It was announced earlier this January that The Legend of Heroes: Trails of Cold Steel III would be localized for the west and released later this year. Known as the Kiseki series in Japan, we’d be remiss if we failed to mention the fact that the series has its fair share of fans here at bromheads.tv, as we featured the game at #8 in our Most Anticipated Games of 2019 list days after the announcement.
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If you’re unfamiliar with Trails of Cold Steel, you’re in luck as the Decisive Edition of the game arrives on the PlayStation 4 today with the game’s sequel coming out only a few months later.
What Is It?
Trails of Cold Steel – Decisive Edition is another re-release of the PlayStation 3 game that came out in 2016. The first re-release came out on PC more than a year later and for all intents and purposes was the best version of the game.
Why Should I Care?
Before delving into what makes this version of the game what it is, if you’re looking for an opinion of the game as a whole, you’d be best advised to look back at our review of the original PS3 release. So if you’ve never played the game and want to know whether it’s good — then yes, Trails of Cold Steel is fantastic.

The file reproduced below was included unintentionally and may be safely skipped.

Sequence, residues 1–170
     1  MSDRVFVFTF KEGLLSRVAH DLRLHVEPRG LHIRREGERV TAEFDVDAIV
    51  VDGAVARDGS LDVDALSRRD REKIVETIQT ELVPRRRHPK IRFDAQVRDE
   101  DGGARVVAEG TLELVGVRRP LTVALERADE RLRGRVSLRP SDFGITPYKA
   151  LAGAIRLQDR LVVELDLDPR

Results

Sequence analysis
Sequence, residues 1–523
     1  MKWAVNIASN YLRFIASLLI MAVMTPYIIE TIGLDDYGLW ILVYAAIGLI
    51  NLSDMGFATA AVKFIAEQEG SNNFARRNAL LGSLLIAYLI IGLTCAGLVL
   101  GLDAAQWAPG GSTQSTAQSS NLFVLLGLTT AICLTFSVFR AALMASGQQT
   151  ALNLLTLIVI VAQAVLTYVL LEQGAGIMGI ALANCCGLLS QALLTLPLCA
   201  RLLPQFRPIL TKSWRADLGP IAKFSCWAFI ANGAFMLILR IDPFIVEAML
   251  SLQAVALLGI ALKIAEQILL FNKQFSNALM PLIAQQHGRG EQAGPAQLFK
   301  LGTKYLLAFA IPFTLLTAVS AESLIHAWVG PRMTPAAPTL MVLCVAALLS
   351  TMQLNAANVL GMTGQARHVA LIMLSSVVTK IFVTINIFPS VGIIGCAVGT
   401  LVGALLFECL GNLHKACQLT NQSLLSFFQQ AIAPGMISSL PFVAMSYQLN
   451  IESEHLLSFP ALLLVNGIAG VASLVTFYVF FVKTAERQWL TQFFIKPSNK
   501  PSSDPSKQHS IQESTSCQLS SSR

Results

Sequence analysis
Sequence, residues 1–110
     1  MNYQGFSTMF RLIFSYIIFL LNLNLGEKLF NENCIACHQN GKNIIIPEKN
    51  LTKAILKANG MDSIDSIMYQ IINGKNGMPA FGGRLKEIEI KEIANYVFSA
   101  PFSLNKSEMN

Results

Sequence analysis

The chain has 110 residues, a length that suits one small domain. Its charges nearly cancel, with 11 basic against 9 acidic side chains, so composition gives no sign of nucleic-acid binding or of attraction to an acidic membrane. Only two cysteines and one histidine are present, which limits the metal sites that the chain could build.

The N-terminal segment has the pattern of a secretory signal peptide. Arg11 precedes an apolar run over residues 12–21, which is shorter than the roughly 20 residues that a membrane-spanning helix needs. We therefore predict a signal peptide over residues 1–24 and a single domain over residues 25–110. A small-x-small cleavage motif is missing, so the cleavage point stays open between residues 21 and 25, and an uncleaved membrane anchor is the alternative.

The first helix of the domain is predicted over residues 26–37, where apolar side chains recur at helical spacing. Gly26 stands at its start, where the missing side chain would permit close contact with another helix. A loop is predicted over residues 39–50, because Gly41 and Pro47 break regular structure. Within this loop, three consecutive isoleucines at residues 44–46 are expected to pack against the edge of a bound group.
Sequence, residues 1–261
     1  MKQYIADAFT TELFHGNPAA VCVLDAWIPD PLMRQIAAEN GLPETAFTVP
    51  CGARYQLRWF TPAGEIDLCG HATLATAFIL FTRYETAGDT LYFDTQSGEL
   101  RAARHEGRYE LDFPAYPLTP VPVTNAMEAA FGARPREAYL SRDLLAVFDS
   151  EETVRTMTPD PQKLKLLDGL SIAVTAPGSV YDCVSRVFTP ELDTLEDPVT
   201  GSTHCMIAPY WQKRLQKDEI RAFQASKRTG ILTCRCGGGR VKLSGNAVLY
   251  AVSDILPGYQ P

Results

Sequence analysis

Aside from settings to improve performance that were made exclusively for PC, everything that made that version what it was has made its way to the Decisive Edition. That said, while the game has been upscaled to make use of PS4 Pro’s increased power, don’t expect a completely redefined game here. The graphics aren’t going to impress anybody in this day and age especially after playing a game like Ni no Kuni II or Kingdom Hearts III, but the frame rate issues that plagued the original PS3 game are gone for the most part.
As nice a feature as Turbo Mode is, things could get a little crazy when you’re using in battle, especially on the Nightmare difficulty setting.
If you’ve already played the game, I’d be a little more hesitant. While it’s great that the Japanese voice track finally made its way here with the increased lines of spoken dialog and Turbo Mode, I wouldn’t necessarily say those features make it worth forking another $50 for. Then again, if you have the game on PS3 and for whatever reason didn’t finish it and you don’t ever want to hook up your PS3 again, then I would totally spend the $50 to finish the game on PS4. That’s as close to an unbiased take as I can give you.
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Now if you want the take of a hardcore Trails fan, of course you have to buy the game–how else can we get Falcom to consider getting somebody to officially localize the Crossbell games? But we’ll leave that discussion for another time.